WEDNESDAY, AUGUST 15TH, 2018

Four years have passed since the city-appointed Cubberley Community Advisory Committee released a comprehensive report urging the City of Palo Alto and Palo Alto Unified School District (PAUSD) to develop a joint-use plan for the Cubberley site. The report highlighted the potential of accommodating a multipurpose community center as well as a third public high school. Yet there is still no sign of the needs assessment it recommended as the “crucial” first step in the process.

On March 9, 2016, PAUSD superintendent Max McGee and Palo Alto City Manager Jim Keene signed the “Cubberley Futures” compact, committing to a “collaborative effort and a creative design process” for the shared space. But the road map promised for last fall has still not been produced, and no concrete plans of what to build on the site have been made.

The Cubberley plot was originally the site of Ellwood P. Cubberley High School. Opened in 1956, it was eventually closed in 1979 in response to declining enrollment and decreased revenues following Proposition 13, a state initiative to limit property taxation. As of now, the school District owns 27 acres at Cubberley and the city owns the remaining 8 acres, with the lease between the school district and the city expiring in less than three years.

In the fall of 2016, Foothill College, the largest tenant of Cubberley since 1984, vacated a 39,000 square-foot rented plot by relocating its satellite campus to Sunnyvale. Ever since, Cubberley has served as a temporary home for a number of local organizations undergoing renovation, like the Mitchell Park Library, Avenidas and, in the near future, the Palo Alto Junior Museum and Zoo.

A wide variety of organizations also utilize the site. Children’s sports camps host weekly practice sessions and the Friends of Palo Alto Library conduct monthly book sales. Other programs offer music and dance performances, language classes and child care, as well as religious, cultural and wellness services.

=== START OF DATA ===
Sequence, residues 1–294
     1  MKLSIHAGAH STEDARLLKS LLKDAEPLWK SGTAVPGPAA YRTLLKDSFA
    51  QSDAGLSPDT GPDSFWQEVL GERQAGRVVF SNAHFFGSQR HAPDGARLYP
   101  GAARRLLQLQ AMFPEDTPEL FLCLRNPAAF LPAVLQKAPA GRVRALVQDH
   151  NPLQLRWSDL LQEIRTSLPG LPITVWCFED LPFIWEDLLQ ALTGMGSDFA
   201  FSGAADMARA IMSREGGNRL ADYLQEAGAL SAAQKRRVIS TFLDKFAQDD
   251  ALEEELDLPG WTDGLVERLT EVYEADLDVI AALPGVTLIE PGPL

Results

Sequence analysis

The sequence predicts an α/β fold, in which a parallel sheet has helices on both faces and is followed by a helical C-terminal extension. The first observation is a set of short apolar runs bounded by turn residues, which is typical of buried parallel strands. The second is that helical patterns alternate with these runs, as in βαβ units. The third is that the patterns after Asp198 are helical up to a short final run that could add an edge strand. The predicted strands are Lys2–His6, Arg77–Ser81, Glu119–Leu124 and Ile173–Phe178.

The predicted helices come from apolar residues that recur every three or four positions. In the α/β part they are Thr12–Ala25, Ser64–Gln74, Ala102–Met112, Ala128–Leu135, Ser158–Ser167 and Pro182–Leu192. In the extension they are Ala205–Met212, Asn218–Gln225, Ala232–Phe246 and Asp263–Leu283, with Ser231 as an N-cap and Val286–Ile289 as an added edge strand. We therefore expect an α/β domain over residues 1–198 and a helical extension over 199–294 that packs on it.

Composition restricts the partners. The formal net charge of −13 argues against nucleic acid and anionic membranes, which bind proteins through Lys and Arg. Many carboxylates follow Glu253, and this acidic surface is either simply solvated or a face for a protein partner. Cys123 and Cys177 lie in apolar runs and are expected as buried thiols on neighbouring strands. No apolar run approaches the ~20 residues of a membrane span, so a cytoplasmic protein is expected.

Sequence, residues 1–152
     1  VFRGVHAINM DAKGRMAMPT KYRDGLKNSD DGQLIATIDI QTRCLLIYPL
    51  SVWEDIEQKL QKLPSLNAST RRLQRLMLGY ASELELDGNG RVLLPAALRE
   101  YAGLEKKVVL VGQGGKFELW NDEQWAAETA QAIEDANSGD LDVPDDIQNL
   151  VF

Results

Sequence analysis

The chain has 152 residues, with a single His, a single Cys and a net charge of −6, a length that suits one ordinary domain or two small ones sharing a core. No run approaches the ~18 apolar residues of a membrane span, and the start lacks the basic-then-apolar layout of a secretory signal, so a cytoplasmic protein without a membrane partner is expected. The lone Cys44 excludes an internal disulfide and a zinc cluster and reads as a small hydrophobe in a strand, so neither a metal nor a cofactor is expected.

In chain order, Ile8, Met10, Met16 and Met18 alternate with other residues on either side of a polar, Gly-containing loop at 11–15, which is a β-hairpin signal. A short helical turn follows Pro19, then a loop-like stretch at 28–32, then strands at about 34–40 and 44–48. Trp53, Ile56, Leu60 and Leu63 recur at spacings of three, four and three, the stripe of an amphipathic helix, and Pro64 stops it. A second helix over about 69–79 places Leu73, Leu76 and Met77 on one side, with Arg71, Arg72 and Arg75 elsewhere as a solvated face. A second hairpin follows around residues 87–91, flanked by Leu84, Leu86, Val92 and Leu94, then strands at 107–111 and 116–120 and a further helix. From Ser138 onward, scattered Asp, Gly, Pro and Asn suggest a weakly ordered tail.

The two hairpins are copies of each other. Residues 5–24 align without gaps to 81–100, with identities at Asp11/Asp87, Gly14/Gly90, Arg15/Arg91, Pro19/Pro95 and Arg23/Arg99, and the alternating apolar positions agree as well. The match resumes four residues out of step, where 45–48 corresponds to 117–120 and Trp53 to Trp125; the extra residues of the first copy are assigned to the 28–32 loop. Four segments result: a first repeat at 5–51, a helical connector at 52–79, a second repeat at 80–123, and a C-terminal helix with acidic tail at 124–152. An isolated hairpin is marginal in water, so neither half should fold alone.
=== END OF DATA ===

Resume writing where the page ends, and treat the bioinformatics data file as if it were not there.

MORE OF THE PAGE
And yet the call for a concerted effort to better utilize the space and modernize the current infrastructure of the Cubberley site has been suggested for decades. An unimplemented master plan devised in the early 1990s highlighted the lack of air conditioning, high maintenance costs and poor use of space within the Cubberley buildings — critiques that are still very much relevant as of today.

As of today, it is generally agreed that the school district will not consider the Cubberley site for a high school in the foreseeable future.

However, debate over how to best utilize the plot remains tediously inconclusive. Many of the community organizations currently renting at Cubberley offer important services and would find it difficult to relocate elsewhere in the city. Calls for using the site for affordable housing, which dominates the city’s current political agenda, are also under consideration.

It will be extremely difficult for the various parties to come to a mutual consensus. A task list for this project will likely include a robust needs assessment with community input, a creative design charrette, a strong implementation team and affordable financing. All must be undertaken before the construction plan can be executed. Despite the difficulties, some regard the failure to complete the project as a reflection of poor city management regarding an important community resource.

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